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I'm trying to code a very rudimentary GTD app for myself, not only to get organized, but to get better at coding and get better at Python. I'm having a bit of trouble with the classes however.

Here are the classes I have so far:

class Project:
    def __init__(self, name, actions=[]):
        self.name = name
        self.actions = actions
    def add(self, action):
        self.actions.append(action)

class Action:
    def __init__(self, do='', context=''):
        self.do = do
        self.context = context

Each project has actions to it, however I want to make it so that projects can also consist of other projects. Say daily I wanted to print out a list of everything. I'm having trouble coming up with how I would construct a list that looked like this

> Project A
>        Actions for Project A
>     Project B
>         Sub project A
>             Actions for Sub project A
>         Sub project B
>             Actions for Sub project B
>         Sub project C
>             Sub sub project A
>                 Actions for sub sub project A
>             Sub sub project B
>                 Actions for sub sub project B
>             Actions for Sub project C
>         Actions for Project B

It's quite clear to me that recursion is going to be used. I'm struggling with whether to create another class called SubProject and subclass Project to it. Something there just makes my brain raise an exception.

I have been able to take projects and add them to the actions attribute in the Project class, however then I run into where MegaProject.actions.action.actions.action situations start popping up.

If anyone could help out with the class structures, it would be greatly appreciated!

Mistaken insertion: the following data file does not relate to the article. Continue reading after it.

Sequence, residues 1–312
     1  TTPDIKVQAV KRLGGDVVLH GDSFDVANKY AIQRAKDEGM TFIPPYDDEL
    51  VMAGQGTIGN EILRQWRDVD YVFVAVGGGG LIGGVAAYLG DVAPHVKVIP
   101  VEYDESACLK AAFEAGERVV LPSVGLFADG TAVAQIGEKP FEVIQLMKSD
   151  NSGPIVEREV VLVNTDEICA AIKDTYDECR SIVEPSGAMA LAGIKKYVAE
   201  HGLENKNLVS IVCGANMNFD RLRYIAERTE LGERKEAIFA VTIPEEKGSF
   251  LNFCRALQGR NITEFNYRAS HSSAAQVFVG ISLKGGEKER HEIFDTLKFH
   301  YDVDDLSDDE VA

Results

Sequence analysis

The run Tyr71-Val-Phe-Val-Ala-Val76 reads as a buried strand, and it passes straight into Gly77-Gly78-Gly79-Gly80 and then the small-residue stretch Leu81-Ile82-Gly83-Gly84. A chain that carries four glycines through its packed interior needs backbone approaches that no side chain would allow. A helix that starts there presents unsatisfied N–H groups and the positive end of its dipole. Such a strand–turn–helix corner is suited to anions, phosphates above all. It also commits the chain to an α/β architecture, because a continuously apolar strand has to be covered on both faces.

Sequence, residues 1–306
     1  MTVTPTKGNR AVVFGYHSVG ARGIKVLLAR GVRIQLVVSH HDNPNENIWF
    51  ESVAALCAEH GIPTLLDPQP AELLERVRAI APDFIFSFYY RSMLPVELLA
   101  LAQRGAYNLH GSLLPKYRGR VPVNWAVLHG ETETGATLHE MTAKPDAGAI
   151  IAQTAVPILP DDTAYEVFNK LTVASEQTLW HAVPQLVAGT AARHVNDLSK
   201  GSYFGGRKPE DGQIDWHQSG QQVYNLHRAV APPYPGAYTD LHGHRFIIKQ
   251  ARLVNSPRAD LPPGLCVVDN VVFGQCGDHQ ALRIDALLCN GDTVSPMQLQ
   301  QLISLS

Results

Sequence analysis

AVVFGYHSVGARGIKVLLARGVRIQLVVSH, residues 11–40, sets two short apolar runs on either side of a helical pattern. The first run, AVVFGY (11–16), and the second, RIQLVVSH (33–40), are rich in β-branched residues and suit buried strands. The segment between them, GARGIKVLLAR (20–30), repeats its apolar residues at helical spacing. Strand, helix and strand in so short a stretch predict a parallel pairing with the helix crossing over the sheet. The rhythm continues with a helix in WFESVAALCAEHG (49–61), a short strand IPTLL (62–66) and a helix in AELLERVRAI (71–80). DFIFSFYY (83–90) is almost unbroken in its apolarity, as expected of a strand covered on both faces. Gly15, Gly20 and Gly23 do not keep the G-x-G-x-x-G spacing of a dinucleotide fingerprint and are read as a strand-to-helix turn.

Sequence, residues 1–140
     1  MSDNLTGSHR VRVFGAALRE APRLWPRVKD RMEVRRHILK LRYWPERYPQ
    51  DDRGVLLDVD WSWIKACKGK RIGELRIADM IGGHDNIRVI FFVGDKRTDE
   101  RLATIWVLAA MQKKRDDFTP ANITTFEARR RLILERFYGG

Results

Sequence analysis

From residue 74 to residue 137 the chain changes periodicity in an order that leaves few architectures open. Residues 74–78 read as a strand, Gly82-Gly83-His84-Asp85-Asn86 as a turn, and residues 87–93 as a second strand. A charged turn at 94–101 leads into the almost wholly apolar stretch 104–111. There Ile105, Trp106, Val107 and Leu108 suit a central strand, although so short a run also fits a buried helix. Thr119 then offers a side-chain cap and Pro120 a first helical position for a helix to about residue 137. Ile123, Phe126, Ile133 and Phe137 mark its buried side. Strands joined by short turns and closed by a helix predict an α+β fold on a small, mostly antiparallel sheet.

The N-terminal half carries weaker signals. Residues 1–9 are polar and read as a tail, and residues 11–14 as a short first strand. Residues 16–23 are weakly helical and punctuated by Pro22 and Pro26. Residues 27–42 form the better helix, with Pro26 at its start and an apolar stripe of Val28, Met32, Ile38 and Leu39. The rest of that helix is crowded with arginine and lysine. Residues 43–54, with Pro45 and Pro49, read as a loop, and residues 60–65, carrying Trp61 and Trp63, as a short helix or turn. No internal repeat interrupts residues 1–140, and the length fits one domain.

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3 Answers 3

up vote 3 down vote accepted

You could create a subprojects member, similar to your actions list, and assign projects to it in a similar way. No subclassing of Project is necessary.

class Project:
    def __init__(self, name, actions=[], subprojects=[]):
        self.name = name
        self.actions = actions
        self.subprojects = subprojects

    def add(self, action):
        self.actions.append(action)

    def add_project(self, project)
        self.subprojects.append(project)

Even better, you may want to implement a composite pattern, where Projects are composites and Actions are leaves.

class Project:
    def __init__(self, name, children=[]):
        self.name = name
        self.children = children

    def add(self, object):
        self.children.append(object)

    def mark_done(self):
        for c in self.children:
            c.mark_done()

class Action:
    def __init__(self, do):
        self.do = do
        self.done = False

    def mark_done(self):
        self.done = True

They key here is that the projects have the same interface as the actions (with the exception of the add/delete methods). This allows to to call methods on entire tree recursively. If you had a complex nested structure, you can call a method on the top level, and have it filter down to the bottom.

If you'd like a method to get a flat list of all leaf nodes in the tree (Actions) you can implement a method like this in the Project class.

def get_action_list(self):
    actions = []
    for c in self.children:
        if c.__class__ == self.__class__:
            actions += c.get_action_list()
        else:
            actions.append(c)
    return actions
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Perfect! Not only does it work, but I think I understand it lol –  mandroid Jul 24 '09 at 0:22
    
The get_action_list function really ties it all together for me. Didnt know about the class attribute. –  mandroid Jul 24 '09 at 0:23
    
Additionally, that line could be implemented this way as well: if isinstance(c, self.__class__): –  sixthgear Jul 24 '09 at 0:31

I suggest you look at the composite pattern which can be applied to the "Project" class. If you make your structure correctly, you should be able to make action be a leaf of that tree, pretty much like you described in your example.

You could, for instance, do a Project class (abstract), a ProjectComposite class (concrete) and your action class as a leaf.

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Have you evaluated existing GTD tools? I'd look at file formats used by existing GTD tools, esp. those that save to XML. That would give you an idea about which ways to organize this kind of data tend to work.

Structure ranges from rather simplistic (TaskPaper) to baroque (OmniFocus). Look around and learn what others did before you.

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